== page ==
The Cult of St Edmund in Medieval East Anglia (Paperback)Rebecca Pinner (author)
Paperback 292 Pages / Published: 19/04/2019
- Coming soon
Longlisted for the Katharine Briggs Award 2016 St Edmund, king and martyr, supposedly killed by Danes (or "Vikings") in 869, was one of the pre-eminent saints of the middle ages; his cult was favoured and patronised by several English kings, and gave rise to a rich array of visual, literary, musical and political artefacts. This study explores the development of devotion to St Edmund, from its first flourishing in the ninth century to the eve of the Reformation. It explores a series of key questions: how, why and when did the cult develop? Who was responsible for its promotion and dissemination? To which groups and individuals did St Edmund appeal? How did this evolve over time? Using as evidence a range of textual and visual treasures from the Anglo-Saxon king's erstwhile kingdom and later cultic heartland, Norfolk and Suffolk, the study draws on sources and approaches from a variety of disciplines (literature, art history, social history and anthropology) to elucidate the social, cultural and political dynamics of cult construction. Dr Rebecca Pinner is a Lecturer in Medieval and Early Modern Literature at the University of East Anglia.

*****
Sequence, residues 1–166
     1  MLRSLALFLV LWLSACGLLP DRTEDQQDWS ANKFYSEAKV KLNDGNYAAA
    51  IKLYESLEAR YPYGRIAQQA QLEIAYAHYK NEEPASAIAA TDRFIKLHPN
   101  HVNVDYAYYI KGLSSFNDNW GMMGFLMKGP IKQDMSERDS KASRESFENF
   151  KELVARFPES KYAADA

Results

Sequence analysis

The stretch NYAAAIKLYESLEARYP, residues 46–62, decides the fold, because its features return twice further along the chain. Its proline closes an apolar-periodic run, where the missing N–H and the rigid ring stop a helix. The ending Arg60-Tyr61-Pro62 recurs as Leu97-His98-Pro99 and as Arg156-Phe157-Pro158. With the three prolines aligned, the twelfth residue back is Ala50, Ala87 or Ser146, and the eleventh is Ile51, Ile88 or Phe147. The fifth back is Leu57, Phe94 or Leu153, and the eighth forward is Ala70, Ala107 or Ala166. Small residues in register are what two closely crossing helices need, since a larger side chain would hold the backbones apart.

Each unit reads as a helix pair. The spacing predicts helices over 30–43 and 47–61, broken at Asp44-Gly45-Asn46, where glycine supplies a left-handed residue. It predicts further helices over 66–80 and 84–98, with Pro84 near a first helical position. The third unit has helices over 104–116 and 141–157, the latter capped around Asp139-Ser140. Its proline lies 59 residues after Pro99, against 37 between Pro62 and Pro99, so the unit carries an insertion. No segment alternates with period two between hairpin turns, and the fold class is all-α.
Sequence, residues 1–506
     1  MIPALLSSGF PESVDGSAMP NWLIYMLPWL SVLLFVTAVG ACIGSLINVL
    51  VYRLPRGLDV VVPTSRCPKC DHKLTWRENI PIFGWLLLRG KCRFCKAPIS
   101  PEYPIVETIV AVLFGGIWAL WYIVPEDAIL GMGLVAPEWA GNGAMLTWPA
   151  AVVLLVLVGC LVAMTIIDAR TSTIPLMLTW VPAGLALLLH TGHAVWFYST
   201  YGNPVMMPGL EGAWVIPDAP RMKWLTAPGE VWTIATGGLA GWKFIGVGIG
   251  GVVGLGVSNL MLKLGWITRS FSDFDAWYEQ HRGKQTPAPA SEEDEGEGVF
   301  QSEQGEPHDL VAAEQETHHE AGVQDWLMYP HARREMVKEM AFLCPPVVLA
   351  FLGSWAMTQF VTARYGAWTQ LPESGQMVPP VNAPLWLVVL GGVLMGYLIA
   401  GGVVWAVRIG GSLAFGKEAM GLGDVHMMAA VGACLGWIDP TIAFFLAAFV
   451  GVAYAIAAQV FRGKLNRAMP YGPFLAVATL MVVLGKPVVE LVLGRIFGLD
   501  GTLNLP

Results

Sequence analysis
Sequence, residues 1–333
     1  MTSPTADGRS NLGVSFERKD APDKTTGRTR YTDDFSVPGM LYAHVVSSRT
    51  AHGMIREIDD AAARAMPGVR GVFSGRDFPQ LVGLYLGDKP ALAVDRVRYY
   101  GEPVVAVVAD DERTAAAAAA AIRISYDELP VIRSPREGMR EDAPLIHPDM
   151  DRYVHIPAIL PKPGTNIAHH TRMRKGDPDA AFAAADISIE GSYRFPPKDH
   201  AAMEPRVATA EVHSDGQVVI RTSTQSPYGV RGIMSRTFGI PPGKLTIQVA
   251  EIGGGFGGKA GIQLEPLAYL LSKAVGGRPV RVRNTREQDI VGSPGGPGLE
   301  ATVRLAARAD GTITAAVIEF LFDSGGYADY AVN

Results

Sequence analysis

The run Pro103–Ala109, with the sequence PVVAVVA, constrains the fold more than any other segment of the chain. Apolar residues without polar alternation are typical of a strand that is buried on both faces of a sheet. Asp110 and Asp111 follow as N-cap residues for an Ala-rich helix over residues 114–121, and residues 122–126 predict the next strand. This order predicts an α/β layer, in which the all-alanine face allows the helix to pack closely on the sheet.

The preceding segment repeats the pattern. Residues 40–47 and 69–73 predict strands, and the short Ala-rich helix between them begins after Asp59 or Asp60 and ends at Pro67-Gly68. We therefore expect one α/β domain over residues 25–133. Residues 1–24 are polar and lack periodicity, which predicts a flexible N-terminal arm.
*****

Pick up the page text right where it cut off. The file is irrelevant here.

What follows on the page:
Publisher: Boydell & Brewer Ltd
Number of pages: 292
Dimensions: 234 x 156 mm
A first-rate example of interdisciplinary historical scholarship, drawing on art history, literary criticism, archaeology, social history, and even anthropology to illuminate a saint's cult whose significance is finally being recognized. The book transcends the usual divide between textual and material studies that can impede medieval historians.... essential reading for anyone interested in the development of saints' cults and royal and national self-construction in medieval Europe. FOLKLORE Longlisted for the Katharine Briggs Award 2016 A mixture of elegant prose and beautiful illustrations...provides historians with valuable insights into the cult of St Edmund, king and martyr. LOCAL HISTORIAN Pinner's book achieves the difficult feat of drawing together different kinds of evidence and strands of narrative associated with St. Edmund into one cohesive whole, which makes for a lively, engaging, and thought-provoking read. CATHOLIC HISTORICAL REVIEW [A] full hagiological study of a saint and his cult among the people of a whole region over four centuries. THE MEDIEVAL REVIEW Very readable.A classic study of a medieval cult. THE RICARDIAN Recommended. CHOICE
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